Finally, the best way to break-in the barrel is to observe when the barrel is broken in; i.e. when the fouling is reduced. This is better than some set number of cycles of "shoot and clean" as many owners report practically no fouling after the first few shots, and more break-in would be pointless. Conversely, if more is required, a set number would not address that either. Besides, cleaning is not a completely benign procedure so it should be done carefully and no more than necessary.

Cleaning

This section on cleaning is not intended to be a detailed instruction, but rather to point out a few "do's and don'ts". Instructions furnished with bore cleaners, equipment, etc. should be followed unless they would conflict with these "do's and don'ts."

You should use a good quality straight cleaning rod with a freely rotating handle and a rod guide that fits both your receiver raceway and the rod snugly. How straight and how snug? The object is to make sure the rod cannot touch the bore. With service rifle barrels a good rod and guide set-up is especially important as all the cleaning must be done from the muzzle and even slight damage to the barrel crown is extremely detrimental to accuracy.

There are two basic types of bore cleaners -- chemical and abrasive. The chemical cleaners are usually a blend of various ingredients including oils and ammonia that attack the copper. The abrasive cleaners generally contain no chemicals and are an oil, wax, or grease base with an extremely fine abrasive such as chalk, clay, or gypsum. They clean by mechanically removing the fouling. Both are good, and we feel that neither will damage the bore when used properly.

So what is the proper way to use them? First, not all chemical cleaners are compatible with each other. Some, when used together at a certain temperature, can cause severe pitting of the barrel -- even stainless steel barrels. It is fine to use two different cleaners as long as you completely remove the first cleaner from the barrel before cleaning with the second. And, of course, never mix them in the same bottle.

Follow instructions on the bottle as far as soak time, etc. . . Always clean from the breech whenever possible, pushing the patch or swab up to the muzzle and then back without completely exiting the muzzle. If you exit the muzzle, the rod is going to touch the bore and be dragged back in across the crown followed by the patch or brush. Try to avoid dragging things in and out of the muzzle. It will eventually cause uneven wear of the crown. Accuracy will suffer and this can lead you to believe the barrel is shot out, when in fact, it still may have a lot of serviceable life left. A barrel with a worn or damaged crown can be re-crowned and accuracy will usually return.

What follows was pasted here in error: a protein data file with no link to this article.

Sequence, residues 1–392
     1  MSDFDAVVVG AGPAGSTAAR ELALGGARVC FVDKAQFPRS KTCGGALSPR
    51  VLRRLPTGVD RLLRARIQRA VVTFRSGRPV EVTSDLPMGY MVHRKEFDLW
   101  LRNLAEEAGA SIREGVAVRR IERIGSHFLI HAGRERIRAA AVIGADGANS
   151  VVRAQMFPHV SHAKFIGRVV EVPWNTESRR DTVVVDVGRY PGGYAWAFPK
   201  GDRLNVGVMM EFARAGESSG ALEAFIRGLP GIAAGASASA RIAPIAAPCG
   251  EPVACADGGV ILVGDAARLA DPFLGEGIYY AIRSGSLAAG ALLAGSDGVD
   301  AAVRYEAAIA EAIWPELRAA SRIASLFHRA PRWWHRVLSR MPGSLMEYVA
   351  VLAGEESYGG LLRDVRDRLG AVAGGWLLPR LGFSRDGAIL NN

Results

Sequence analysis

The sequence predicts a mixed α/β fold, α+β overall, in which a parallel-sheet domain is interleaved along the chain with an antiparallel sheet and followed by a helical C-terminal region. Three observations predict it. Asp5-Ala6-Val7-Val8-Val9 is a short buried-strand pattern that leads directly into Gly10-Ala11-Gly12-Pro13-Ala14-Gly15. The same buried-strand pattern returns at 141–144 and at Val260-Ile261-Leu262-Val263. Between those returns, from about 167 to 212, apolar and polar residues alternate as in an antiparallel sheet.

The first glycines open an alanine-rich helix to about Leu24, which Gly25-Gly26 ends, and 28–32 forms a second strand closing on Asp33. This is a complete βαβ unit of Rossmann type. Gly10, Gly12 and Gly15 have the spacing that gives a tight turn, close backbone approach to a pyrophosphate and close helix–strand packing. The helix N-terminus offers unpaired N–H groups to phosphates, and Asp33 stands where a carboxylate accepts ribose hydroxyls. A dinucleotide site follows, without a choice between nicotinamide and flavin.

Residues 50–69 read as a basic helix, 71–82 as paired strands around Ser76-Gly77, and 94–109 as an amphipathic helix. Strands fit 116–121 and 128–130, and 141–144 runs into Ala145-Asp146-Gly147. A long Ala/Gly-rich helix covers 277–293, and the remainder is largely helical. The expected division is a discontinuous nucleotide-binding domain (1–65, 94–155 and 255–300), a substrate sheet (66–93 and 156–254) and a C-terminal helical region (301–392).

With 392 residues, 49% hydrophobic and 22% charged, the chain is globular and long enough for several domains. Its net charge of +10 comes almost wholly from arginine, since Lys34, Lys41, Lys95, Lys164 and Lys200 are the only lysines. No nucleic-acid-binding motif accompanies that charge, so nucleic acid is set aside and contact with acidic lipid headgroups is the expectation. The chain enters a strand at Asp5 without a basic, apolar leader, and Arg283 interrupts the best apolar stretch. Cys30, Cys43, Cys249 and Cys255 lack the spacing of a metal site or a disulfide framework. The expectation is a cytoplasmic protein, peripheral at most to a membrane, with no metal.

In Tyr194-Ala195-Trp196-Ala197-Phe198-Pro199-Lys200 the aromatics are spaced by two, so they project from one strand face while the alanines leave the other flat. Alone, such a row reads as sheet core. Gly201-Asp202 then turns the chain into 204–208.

The chemical cleaners may be the best way to clean service rifle barrels that must be cleaned from the muzzle -- i.e. M1 Garand, M14, etc. . .-- because this method avoids all the scrubbing necessary with the abrasive cleaners and the danger of damaging the crown. But again, as long as the rod doesn't touch the crown, abrasive cleaners should be fine.

Abrasive cleaners work very well. They do not damage the bore, they clean all types of fouling (copper powder, lead, plastic), and they have the added advantage of polishing the throat both in "break in" and later on when the throat begins to roughen again from the rounds fired. One national champion we know polishes the throats on his rifles every several hundred rounds or so with diamond paste to extend their accuracy life.

Again, as with the chemical cleaners, a good rod and rod guide is necessary. A jag with a patch wrapped around it works well. Apply the cleaner and begin scrubbing in short, rather fast strokes of about two to four inches in length. Concentrate most of the strokes in the throat area decreasing the number as you go toward the muzzle. Make a few full-length passes while avoiding exiting the muzzle completely, but do partially exit for about six strokes. You can avoid accidentally exiting by mounting the rifle in a vice or holder of some sort and blocking the rod at the muzzle with the wall or something to keep it from completely exiting.

This sheet is intended to touch on the critical areas of break-in and cleaning and is not intended as a complete, step-by-step guide or recommendation of any product.

The following is a guide to "break-in" based on our experience. This is not a hard and fast rule, only a guide. Some barrel, chamber, bullet, primer, powder, pressure, velocity etc. combinations may require more cycles some less!

It is a good idea to just observe what the barrel is telling you with its fouling pattern. But once it is broken in, there is no need to continue breaking it in.

Initially you should perform the shoot-one-shot-and-clean cycle for five cycles. If fouling hasn't reduced, fire five more cycles and so on until fouling begins to drop off. At that point shoot three shots before cleaning and observe. If fouling is reduced, fire five shots before cleaning. It is interesting to shoot groups during the three and five shot cycles.

Stainless Chrome moly
5 one-shot cycles 5 - 25 - one-shot cycles
1 three-shot cycle 2 - three-shot cycles
1 five-shot cycle 1 - five-shot cycle

 

email: stephen.kershaw@virgin.net - phone 01430 430553 - mobile 07725 987295

52 Langrick Avenue, Howden, DN14 7SR